With a single in the fifth against the Seattle Mariners, Albert Pujols has officially joined the 3,000 hit club. Drafted 402nd overall in 1999 by the St. Louis Cardinals and playing in his 17th big league season, he has put together a Hall of Fame caliber career. Pujols becomes the 32nd member of the 3,000 hit club, surely sealing his future induction into Cooperstown.
— Angels (@Angels) May 5, 2018
Albert Pujols Joins 3,000 Hit Club
Pujols earned NL Rookie of the Year honors in 2001 with 37 home runs, 130 RBI, and an impressive 1.013 OPS. The league was immediately put on notice, and he has never let up. His presence at the plate has not gone unnoticed over the years as he has used his power to force opposing managers to intentionally walk him 308 times.
Pujols’ durability can also not go unnoticed. He has played in over 100 games every season except one. He was limited to 99 games during the 2013 season due to a partial tear of his left plantar fascia. Another impressive feat for Pujols is his ability to rarely strikeout. He has never had a 100 strikeout season with his career high of 93 coming in two seasons: his rookie year of 2001 and last season in 2017.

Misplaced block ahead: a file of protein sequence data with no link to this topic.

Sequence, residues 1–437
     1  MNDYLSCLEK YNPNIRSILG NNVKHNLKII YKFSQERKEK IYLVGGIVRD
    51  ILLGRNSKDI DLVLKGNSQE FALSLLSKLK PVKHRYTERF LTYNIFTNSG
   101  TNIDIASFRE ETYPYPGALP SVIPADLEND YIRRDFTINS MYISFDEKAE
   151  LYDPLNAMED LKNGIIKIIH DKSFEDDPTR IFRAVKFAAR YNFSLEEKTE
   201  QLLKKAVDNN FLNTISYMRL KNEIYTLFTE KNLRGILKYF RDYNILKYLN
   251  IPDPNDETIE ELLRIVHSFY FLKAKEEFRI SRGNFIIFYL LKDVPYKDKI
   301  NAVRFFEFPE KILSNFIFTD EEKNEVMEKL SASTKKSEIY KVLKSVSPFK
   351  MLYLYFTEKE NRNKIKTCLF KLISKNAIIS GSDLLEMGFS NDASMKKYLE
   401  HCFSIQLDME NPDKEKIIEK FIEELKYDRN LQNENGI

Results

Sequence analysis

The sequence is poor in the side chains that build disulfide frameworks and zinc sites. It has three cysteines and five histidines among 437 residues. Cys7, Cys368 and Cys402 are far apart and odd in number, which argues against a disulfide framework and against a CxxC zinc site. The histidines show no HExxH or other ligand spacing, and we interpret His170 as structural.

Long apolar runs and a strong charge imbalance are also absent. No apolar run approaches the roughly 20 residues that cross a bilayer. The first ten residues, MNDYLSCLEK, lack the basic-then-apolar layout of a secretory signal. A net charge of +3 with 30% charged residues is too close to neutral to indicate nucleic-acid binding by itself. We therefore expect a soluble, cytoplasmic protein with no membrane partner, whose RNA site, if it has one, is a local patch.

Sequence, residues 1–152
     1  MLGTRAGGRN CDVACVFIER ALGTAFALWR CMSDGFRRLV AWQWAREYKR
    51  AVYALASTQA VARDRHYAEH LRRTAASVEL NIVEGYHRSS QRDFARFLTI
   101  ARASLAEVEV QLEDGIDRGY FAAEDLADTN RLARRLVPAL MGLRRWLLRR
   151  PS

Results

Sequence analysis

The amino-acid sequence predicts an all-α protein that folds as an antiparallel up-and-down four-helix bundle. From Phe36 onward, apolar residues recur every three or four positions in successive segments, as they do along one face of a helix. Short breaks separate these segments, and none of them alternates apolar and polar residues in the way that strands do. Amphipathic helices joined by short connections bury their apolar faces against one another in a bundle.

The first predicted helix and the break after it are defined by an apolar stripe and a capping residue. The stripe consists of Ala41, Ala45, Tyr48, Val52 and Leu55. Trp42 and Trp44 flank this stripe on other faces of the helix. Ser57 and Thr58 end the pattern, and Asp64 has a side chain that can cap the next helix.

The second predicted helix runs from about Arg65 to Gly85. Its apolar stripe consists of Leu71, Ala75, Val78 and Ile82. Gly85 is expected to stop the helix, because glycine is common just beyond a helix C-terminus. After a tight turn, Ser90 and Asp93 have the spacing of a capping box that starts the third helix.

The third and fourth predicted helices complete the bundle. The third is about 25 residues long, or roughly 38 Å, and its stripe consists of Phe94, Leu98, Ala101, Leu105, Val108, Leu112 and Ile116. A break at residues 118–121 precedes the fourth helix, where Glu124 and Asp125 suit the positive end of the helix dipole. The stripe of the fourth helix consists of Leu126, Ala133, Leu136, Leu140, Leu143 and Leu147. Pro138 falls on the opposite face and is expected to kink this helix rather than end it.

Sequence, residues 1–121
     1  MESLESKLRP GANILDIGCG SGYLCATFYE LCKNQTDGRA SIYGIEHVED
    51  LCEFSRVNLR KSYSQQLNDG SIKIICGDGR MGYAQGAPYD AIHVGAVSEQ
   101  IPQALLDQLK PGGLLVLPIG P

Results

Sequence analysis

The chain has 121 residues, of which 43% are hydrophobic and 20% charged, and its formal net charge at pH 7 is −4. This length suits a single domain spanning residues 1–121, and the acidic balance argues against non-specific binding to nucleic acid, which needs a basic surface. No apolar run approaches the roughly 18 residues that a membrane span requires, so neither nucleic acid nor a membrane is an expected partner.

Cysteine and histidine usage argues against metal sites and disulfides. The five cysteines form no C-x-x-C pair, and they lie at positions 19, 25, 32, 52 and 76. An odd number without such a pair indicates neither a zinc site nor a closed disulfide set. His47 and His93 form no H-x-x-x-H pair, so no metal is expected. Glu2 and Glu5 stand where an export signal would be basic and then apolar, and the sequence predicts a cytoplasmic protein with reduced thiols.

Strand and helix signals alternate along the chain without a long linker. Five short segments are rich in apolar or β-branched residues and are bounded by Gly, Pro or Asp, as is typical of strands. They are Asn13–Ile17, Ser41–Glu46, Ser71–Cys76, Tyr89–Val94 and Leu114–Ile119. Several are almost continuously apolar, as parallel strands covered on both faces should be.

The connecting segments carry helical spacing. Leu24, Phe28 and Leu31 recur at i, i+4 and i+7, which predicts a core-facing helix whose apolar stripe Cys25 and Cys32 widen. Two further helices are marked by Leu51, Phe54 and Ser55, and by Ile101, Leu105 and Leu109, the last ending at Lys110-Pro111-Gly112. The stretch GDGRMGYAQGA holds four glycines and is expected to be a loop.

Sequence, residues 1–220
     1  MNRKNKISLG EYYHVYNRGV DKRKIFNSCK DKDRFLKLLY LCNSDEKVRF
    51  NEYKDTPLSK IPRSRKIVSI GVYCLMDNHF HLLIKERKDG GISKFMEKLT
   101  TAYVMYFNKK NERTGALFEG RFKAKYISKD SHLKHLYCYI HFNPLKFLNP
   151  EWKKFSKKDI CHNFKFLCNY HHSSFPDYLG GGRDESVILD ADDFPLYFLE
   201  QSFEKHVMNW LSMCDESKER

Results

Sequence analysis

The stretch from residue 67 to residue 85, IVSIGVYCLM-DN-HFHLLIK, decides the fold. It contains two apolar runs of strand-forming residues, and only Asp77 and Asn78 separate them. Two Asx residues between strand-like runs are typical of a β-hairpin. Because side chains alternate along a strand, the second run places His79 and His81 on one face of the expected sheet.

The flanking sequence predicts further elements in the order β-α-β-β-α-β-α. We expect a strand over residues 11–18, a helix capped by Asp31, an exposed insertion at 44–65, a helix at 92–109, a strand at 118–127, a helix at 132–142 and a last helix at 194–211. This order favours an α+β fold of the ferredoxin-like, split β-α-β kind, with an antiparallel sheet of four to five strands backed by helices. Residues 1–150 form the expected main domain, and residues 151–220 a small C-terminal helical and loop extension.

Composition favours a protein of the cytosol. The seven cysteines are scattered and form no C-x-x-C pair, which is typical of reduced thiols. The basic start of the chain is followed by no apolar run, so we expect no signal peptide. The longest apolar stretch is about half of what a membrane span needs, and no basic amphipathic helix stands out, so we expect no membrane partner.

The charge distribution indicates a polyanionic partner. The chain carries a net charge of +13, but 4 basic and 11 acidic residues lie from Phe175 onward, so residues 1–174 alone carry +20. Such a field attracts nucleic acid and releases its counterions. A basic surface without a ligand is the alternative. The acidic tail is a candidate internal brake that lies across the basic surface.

He has played for two teams in his career. The St. Louis Cardinals from 2001 to 2011 and the Los Angeles Angels from 2012 to the present. He is atop the leader board in all but two categories (triples and games played) in batting statistics for the Cardinals in team history. He has taken the decade of success he found in St. Louis to the Angels over the past six plus seasons and continues to climb the record books in their team history, currently ranking sixth in home runs and seventh in RBI.
At 38-years old, Pujols has three years remaining on his 10-year, $240 million deal with the Angels and shows no reasons why he could not play past age 40, especially with access to the DH spot from time to time. He is a two-time World Series champion with the Cardinals in 2006 and 2011, three time NL MVP (2005, 2008, and 2009), six time NL Silver Slugger, and 10 time All Star. His resume is Hall of Fame worthy and now a member of the 3000 hit club, his enshrining in baseball immortality is all but certain.
Embed from Getty Images